Owen Power says he is leaning towards returning to the NCAA next season. He made the comments during an appearance on the NHL Network on Friday night. Power is one of the few players projected to go first overall in the 2021 NHL Entry Draft, and the Buffalo Sabres own the top pick.
Other names in the running to go first overall include two of Power’s University of Michigan teammates, Matthew Beniers and Kent Johnson. It’s unclear what their plans for next season are.
In an unusual season to play hockey — be it in the NHL, AHL, Europe or the NCAA — the sophomore feels like he might have missed out on his only opportunity to get the full U.S. college hockey experience. Michigan was supposed to play in the NCAA tournament this spring but had to back out because of multiple positive COVID-19 test results. The entire season, the team played without fans, depriving Power of the famous atmosphere ex-college players rave about.
Sabres Are Close to Power’s Family
Power grew up in Mississauga and has a big family that follows his play wherever he goes. They’ve been very excited for him and anxiously awaited hearing who had won the draft lottery. The potential of having him close to home is something they could easily be rooting for.
“Buffalo is up there, and it’s close to home, so I think it would be, I think, a really good spot for me and good for my family. We used to go down to (Buffalo) for a few nights. My mom would go shopping. I know my mom and my aunts really love it down there.”
In another interview with TSN, Power also had this to say about potentially joining the Sabres: “”It’d be awesome,” he said. “It’s nice and close to home, so lots of family would be able to come down … I would go to games when I was younger and watch the Leafs versus Sabres down in Buffalo. Obviously, it’s two big fan bases and a pretty good rivalry.”
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But when he was asked about what the rest of his summer looks like and for his thoughts on whether he would like to jump right into the big show, he had this to say.
“I think right now; I’m probably leaning more towards going back (the NCAA). It’s something I’d like to do just to try and get the true experience playing college hockey,” he told NHL Now’s Mike Johnson. “At the end of the day, it obviously depends on what the team wants and what everyone around me thinks is best. I don’t think there’s really a bad option. But, I would say I’m leaning a bit more towards going back to school right now.”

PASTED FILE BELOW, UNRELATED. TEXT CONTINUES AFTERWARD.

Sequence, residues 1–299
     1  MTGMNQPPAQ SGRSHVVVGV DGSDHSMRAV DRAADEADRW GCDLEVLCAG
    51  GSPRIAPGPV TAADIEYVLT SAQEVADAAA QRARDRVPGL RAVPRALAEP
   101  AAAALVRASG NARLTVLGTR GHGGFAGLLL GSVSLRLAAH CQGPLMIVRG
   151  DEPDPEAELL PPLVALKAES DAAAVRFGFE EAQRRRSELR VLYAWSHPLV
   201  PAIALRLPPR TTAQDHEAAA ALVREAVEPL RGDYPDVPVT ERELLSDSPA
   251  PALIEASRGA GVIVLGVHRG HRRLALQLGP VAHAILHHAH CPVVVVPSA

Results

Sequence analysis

Power Already Has International Success
The projected No. 1 pick is fresh off an impressive performance with Team Canada, who recently captured the gold medal at the IIHF World Hockey Championship in Riga, Latvia. He said he flew overseas to join the team not knowing if he would play any more than one or two games, but he was given an opportunity by head coach Gerard Gallant and made good on it.
Power saw his ice-time increase with every game. Against Russia, he logged 24:02. Against the United States in the semi-final, he played 27:51, and in the gold medal match, he was on the ice for 24:17. He chipped in offensively as well with three assists over the tournament.
Wherever Power ends up in the draft, he figures to make an impact on the NHL roster when he arrives. He’s a big body (6-foot-5) and skates with authority. His passing skills and vision are second to none at the college level, which has produced some good NHL defensemen lately, including current Norris Trophy nominee Cale Makar of the Colorado Avalanche.
Power can skate the puck out of dangerous areas and possesses a good offensive game, but he is also strong in his own end where he is once again helped with an excellent skating stride that easily closes up the gap on most players. If he does in fact play another year in Michigan, Power could be available to Team Canada during this winter’s IIHF World Junior Hockey Championship in Edmonton.
Mike Carter is a freelance writer and contributor for the Buffalo Sabres with The Hockey Writers and NHLTradeRumors.Me He is @mikecarterlives on Twitter. Mike has been writing professionally since 2012, with stints as a reporter in northern British Columbia and Edmonton, Alberta. He now calls Salmon Arm, B.C. home.